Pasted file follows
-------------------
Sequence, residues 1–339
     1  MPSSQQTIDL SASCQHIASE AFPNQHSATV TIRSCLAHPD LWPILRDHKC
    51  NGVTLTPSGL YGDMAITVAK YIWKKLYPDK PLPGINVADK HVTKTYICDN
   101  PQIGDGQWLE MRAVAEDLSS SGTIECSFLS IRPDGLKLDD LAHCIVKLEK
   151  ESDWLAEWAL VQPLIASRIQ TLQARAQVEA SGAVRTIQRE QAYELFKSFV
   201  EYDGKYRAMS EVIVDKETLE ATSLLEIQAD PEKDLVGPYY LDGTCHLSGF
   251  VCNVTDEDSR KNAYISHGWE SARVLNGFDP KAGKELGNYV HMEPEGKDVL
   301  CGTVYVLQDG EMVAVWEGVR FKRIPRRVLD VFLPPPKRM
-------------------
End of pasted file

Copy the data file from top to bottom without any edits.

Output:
Sequence, residues 1–339
     1  MPSSQQTIDL SASCQHIASE AFPNQHSATV TIRSCLAHPD LWPILRDHKC
    51  NGVTLTPSGL YGDMAITVAK YIWKKLYPDK PLPGINVADK HVTKTYICDN
   101  PQIGDGQWLE MRAVAEDLSS SGTIECSFLS IRPDGLKLDD LAHCIVKLEK
   151  ESDWLAEWAL VQPLIASRIQ TLQARAQVEA SGAVRTIQRE QAYELFKSFV
   201  EYDGKYRAMS EVIVDKETLE ATSLLEIQAD PEKDLVGPYY LDGTCHLSGF
   251  VCNVTDEDSR KNAYISHGWE SARVLNGFDP KAGKELGNYV HMEPEGKDVL
   301  CGTVYVLQDG EMVAVWEGVR FKRIPRRVLD VFLPPPKRM